When I was quite young my grandmother took me to see a movie called “Endless Summer”. The documentary followed two surfers on a trip around the world. My grandmother always eager for teachable moments had us look up all the locations in our Atlas. I remember when I got to the tiny island of Tahiti, barely a flyspeck on the map, it seemed like the waves we saw in the movie could swallow the island whole. If I needed reinforcement the 2004 movie “Riding Giants” revisited the tiny island with the big waves. The name of the town they surfed in was called “chopo”; except that is how its pronounced. It is correctly written Teahupo’o. I’ve always imagined the smell of tropical flowers combined with a sea spray accord would feel like riding down the barrel of a wave. A Lab on Fire My Own Private Teahupo’o tries to do just this.
Laird Hamilton riding a Teahupo'o wave
The ad copy is sort of the butterfly effect of wave creation as it mentions a single drop in Antarctica turns into a rideable wall of water in Tahiti. The rest of the copy wants to capture riding in the barrel of the wave surrounded by sea spray as the smell of the indigenous flora is carries to you. Creative director Carlos Kusubayashi collaborates with perfumer Laurent Le Guernec to create the break to ride our olfactory surfboard within.
Laurent Le Guernec
The fragrance is as simple as the description. It opens on a suite of ozonic notes and sea spray aquatics. M. Le Guernec tunes his top accord to capture the sun shining through the top of the curl while the chill of the water surrounds us as we traverse through the spray fraying on the edges. This is a common top accord done well. I appreciate the balance brought to it. Frangipani is the floral used to represent the tropics. To make sure it has the required strength M. Le Guernec supports it with a group of salicylates to build the effect up. As we cruise through the wave we catch the smell of vanilla on the breeze as the unfettered sun beams down in a warm ray of amber. This all comes together in an aquatic Oriental construct which worked nicely for me.
My Own Private Teahupo’o has 8-10 hour longevity and average sillage.
My Own Private Teahupo’o is not the first fragrance to try and translate surf culture into a bottle. It succeeds for me because when I’m wearing it I can close my eyes believe I’m on a surfboard in Tahiti.
Disclosure: This review is based on a sample I purchased.
As the weather cools off some of my evenings are spent with a snifter in hand sipping either a 15-year Rhum Barbancourt or Louis Royer Force 53. These appeal because they provide an inner warmth underneath my sweater. Like wine, fine liquor also has a scent and a nuanced flavor like any of my favorite perfumes. Which is why I tend to gravitate towards perfumes with boozy hearts. When I received samples of the five perfumes which make up the new Ermenegildo Zegna Elements of Man it was the one which felt like it belonged in a snifter which was my favorite, Passion.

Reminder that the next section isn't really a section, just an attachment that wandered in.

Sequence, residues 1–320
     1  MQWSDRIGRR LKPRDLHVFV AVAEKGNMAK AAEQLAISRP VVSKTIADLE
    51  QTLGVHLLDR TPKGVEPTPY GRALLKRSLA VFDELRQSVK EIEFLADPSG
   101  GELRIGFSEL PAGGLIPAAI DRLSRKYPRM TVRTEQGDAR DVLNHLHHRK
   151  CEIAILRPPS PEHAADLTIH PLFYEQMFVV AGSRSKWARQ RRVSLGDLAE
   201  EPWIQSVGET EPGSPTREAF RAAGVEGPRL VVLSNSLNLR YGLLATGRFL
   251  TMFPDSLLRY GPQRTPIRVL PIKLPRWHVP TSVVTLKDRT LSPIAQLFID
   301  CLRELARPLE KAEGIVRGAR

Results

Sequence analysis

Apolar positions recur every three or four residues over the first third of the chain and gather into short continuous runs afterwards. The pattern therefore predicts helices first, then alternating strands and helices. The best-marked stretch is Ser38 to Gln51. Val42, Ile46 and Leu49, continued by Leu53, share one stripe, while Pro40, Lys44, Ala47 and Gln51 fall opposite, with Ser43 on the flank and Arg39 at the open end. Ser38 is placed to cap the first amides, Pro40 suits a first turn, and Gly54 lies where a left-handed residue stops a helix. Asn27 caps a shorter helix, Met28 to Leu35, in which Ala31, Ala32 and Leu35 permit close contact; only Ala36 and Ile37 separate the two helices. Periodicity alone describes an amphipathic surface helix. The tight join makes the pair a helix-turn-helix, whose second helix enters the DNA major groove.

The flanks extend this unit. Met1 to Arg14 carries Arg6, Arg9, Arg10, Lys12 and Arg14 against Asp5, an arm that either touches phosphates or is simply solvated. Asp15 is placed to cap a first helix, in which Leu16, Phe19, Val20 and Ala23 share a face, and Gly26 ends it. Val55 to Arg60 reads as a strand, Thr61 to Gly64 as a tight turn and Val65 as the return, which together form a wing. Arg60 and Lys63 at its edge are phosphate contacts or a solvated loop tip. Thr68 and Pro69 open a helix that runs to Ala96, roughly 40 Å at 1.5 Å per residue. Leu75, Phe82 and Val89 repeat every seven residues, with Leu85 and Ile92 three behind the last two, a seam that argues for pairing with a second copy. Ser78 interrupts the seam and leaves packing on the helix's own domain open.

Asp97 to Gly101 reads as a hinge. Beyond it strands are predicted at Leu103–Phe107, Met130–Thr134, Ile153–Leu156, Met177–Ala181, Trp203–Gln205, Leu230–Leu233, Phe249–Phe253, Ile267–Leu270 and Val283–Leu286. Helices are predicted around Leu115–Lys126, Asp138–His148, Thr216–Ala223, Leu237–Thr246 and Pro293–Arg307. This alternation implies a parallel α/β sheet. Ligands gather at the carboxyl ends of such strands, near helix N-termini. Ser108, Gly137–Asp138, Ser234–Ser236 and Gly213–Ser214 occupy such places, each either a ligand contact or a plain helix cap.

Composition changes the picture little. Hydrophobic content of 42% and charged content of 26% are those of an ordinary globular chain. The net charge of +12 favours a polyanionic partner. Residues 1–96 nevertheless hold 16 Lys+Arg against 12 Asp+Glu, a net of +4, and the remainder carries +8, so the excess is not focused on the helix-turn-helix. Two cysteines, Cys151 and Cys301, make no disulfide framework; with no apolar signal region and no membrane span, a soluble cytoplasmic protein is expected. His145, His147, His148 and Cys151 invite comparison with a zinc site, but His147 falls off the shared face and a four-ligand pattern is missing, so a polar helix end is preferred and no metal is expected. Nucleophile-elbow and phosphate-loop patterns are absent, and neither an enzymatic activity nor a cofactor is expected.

The fragrance side of Ermenegildo Zegna has been a story of fits and starts as they search for a perfume identity as tailored as a Zegna suit. For most of their history they have kept it simple; often too simple. Focusing on something that stripped down there needs to be a lot of care taken to not have something dissonant within. That has been the story and it continued as I was initially trying the Elements of Man collection. A couple of classic citrus in Wisdom and Talent. A fougere, Integrity; and a smoky tobacco oud in Strength make up four of the five. In each case there was the familiar experience of finding something not quite coming together. Only in the last one Passion does it.
When Ermenegildo Zegna allied with Estee Lauder creative director Trudi Loren was asked to oversee it. She has consistently asked for quality keynotes and worked with some great perfumers. There are some signs that Elements of Man might be a slight change in direction. For Passion Ms. Loren works with perfumer Ilias Erminidis. Together they create a collaboration of rum and cognac I almost wanted to drink.
If there is an advantage to the style of fragrance represented by the brand they cut right to the chase. For Passion that means it is awash with rum and cognac. Great cognac has a deep molasses facet, rum has caramel on the nose. Passion leads with both as molasses and caramel come forward in a rich accord that carries a 90-proof pop underneath as it swirls in the nose. M. Erminidis then uses a few complementary notes to make this all glow. It starts with a toasty saffron continues with amber and really pulses with resinous olibanum in place. This all comes together rapidly and lingers over many hours; as if it is being sipped by my nose.
Passion has 8-10 hour longevity and above average sillage.
Wearing Passion, I ended up having a two-fisted drinking night as I poured a bit of Barbancourt and Louis Royer to see if they could be layered into something resembling Passion. They don’t really approach the richness of Passion. When I wore Passion all I wanted to do was grab a snifter and sit back and luxuriate in my senses.
Disclosure: This review was based on samples provided by Ermenegildo Zegna.